Finally, the GAO has also made 59 supporting recommendations through their financial statement audits for the last 4 fiscal years. Of the 59 recommendations, the IRS and GAO agree that we have implemented and thus closed 17 of them. Of the remaining 42, the IRS believes that we have met the requirements to close another 22. However, before we actually close these, we will work with the GAO to get agreement.

I have tried to describe to you the priority and significance that we attach to our financial management responsibilities under the Chief Financial Officers Act. The audits are a tremendous amount of work both for IRS and GAO, but they are also a tremendous help. We believe we are closer to getting an unqualified opinion on our financial statements but we are not there yet.

It is my hope that the IRS in the near future will be looked upon as an example of how the CFO Act has improved the credibility of the Government in the eyes of the public. Mr. Chairman, this concludes my remarks. I would be happy to answer any questions.

[The prepared statement of Mr. Musick follows:)





SEPTEMBER 19, 1996

Mr. Chairman and Distinguished Members of the Subcommittee: Good morning.

I am pleased to be here today to discuss the progress the Internal Revenue Service

has made in improving financial management as a result of our financial statement

audits and the progress the Service has made toward correcting the five major

problems cited by the General Accounting Office (GAO) as the significant reasons

preventing it from attesting to the IRS financial statements.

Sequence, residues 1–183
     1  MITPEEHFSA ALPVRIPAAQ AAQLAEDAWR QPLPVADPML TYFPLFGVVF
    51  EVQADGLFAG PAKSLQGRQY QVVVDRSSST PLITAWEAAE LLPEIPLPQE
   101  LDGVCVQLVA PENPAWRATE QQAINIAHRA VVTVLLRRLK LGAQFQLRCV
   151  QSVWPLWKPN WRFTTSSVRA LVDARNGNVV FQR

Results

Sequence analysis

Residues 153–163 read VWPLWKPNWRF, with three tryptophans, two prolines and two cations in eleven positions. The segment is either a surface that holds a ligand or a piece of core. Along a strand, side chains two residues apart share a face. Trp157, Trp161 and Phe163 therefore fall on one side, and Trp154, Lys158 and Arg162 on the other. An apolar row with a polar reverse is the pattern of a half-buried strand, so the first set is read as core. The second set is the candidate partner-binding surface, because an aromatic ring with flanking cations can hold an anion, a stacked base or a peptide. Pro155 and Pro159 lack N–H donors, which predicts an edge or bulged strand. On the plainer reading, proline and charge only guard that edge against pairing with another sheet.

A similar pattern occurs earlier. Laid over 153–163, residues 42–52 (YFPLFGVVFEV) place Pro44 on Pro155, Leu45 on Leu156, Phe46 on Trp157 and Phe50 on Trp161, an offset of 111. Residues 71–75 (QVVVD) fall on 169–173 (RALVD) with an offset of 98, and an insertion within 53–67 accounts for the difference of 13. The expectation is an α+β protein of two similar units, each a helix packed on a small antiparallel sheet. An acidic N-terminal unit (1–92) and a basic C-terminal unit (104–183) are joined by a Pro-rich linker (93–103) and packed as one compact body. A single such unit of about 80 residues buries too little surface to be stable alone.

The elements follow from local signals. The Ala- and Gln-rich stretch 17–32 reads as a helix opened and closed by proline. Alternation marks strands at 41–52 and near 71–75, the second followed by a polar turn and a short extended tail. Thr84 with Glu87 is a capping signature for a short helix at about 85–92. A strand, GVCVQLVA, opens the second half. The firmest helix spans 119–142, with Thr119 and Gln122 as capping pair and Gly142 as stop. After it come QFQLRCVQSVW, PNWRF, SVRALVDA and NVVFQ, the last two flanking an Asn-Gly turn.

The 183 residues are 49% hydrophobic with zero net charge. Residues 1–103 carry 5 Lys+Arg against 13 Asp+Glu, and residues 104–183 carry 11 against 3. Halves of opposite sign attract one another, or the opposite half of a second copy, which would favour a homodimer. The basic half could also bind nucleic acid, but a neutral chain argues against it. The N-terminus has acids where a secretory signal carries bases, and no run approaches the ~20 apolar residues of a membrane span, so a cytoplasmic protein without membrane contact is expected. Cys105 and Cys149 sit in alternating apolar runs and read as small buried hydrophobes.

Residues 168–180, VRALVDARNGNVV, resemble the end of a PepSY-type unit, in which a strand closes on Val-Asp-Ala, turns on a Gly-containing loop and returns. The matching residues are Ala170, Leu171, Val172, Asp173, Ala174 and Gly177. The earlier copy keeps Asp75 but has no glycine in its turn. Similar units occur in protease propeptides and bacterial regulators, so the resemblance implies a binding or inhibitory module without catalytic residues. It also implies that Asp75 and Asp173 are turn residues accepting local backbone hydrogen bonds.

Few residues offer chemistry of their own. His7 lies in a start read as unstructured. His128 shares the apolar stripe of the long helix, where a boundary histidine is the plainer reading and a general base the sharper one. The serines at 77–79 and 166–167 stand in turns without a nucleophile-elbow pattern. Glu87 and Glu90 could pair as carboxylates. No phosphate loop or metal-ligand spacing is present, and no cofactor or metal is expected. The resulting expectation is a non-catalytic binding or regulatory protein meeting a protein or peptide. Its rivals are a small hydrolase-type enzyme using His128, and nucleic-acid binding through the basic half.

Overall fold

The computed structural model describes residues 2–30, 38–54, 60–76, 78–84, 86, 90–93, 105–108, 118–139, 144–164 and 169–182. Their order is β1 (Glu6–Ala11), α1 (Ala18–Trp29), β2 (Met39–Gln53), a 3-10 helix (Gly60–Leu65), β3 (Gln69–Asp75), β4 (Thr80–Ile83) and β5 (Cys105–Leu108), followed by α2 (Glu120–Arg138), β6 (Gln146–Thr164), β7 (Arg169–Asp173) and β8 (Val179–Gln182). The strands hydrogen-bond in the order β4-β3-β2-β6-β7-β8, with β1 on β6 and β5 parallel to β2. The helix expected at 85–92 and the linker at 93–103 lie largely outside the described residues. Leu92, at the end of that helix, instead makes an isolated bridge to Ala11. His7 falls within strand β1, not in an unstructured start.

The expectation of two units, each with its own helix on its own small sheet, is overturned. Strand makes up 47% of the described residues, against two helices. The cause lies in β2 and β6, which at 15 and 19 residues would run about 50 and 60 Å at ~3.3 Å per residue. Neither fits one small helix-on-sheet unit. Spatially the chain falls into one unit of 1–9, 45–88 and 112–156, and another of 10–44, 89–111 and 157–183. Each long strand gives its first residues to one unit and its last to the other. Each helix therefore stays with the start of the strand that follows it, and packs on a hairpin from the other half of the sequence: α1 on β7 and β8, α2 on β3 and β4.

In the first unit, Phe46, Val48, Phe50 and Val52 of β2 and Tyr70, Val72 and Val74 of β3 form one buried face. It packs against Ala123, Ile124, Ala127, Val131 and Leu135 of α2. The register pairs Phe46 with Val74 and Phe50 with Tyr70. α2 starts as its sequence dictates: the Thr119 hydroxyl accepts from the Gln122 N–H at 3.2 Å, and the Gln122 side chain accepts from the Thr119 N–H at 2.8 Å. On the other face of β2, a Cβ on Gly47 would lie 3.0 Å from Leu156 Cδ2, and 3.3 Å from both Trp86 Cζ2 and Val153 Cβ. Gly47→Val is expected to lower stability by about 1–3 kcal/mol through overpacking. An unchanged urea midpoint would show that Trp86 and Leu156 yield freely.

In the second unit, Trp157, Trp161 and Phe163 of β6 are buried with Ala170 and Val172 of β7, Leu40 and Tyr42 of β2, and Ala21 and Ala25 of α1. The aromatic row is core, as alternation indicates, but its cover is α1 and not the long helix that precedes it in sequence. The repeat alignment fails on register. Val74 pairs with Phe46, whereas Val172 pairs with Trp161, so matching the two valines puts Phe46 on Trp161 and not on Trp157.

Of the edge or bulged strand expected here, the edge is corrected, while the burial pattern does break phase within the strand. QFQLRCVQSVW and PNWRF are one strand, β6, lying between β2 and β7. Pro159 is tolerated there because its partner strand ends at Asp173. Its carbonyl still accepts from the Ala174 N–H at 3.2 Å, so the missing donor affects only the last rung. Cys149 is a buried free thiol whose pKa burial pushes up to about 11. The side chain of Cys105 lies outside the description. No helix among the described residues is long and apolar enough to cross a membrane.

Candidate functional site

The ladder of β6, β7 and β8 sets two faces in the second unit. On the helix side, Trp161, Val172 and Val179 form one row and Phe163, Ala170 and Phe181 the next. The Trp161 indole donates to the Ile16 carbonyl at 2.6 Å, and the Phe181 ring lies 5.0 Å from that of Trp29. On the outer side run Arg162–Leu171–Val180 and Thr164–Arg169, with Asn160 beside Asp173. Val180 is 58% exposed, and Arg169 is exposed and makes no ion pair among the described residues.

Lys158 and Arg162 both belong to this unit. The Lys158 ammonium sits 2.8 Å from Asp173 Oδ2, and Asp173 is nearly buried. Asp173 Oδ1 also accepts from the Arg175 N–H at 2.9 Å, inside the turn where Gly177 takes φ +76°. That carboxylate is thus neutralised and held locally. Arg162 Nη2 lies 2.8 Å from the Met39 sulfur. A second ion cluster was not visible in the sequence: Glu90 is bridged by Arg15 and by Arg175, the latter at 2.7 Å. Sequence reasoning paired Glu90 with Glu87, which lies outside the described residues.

IRS Commissioner Richardson testified before you in March of this year on how

we are fulfilling our responsibility for implementing the Chief Financial Officers Act of

1990. At that time, she emphasized our total corporate commitment to getting a clean

audit opinion from the General Accounting Office by improving financial management in

the Service. Today, I appreciate the opportunity to discuss the progress we have made

and the cooperative effort we have under way with the GAO.

As a certified public accountant, and with a background as an auditor with a

public accounting firm, the Environmental Protection Agency, and the GAO, I believe

can offer a good perspective on the problems, and opportunities, that are presented by

a financial audit of any Government agency. I have seen some significant changes in

financial management at IRS -- and will discuss some of those in a few minutes -- but,

notwithstanding these positive improvements, I recognize that there is still much to do.

We have a detailed action plan that addresses corrective actions and tracks the

progress toward correcting deficiencies, implementing identified recommendations, and accomplishing other initiatives aimed toward improving the Service's financial


Chief Financial Officers' Act of 1990

The IRS, as one of the pilot agencies under the Chief Financial Officers' Act of

1990, has both made progress and faced unexpected challenges in meeting financial

audit requirements. In this regard, our experience is similar to that of most of the other

pilot agencies: only two have received unqualified opinions on their FY1995 statements.

However, we are using the CFO Act and the financial statement audit as our blueprint

for financial management improvements. The process of preparing financial statements

and having them audited imposes a critically important discipline on us -- a discipline

that can only benefit the taxpayers of the United States. It is only appropriate that we

be held to the same standards to which we hold taxpayers.

Since the CFO Act became effective, we have made significant improvements in

our financial management systems, and now have a new administrative accounting

system. We are also working on short-term solutions and long-term redesigns that will

modernize our revenue accounting system and ensure that it provides information that

is needed for the financial statement audit. However, the CFO Act and the financial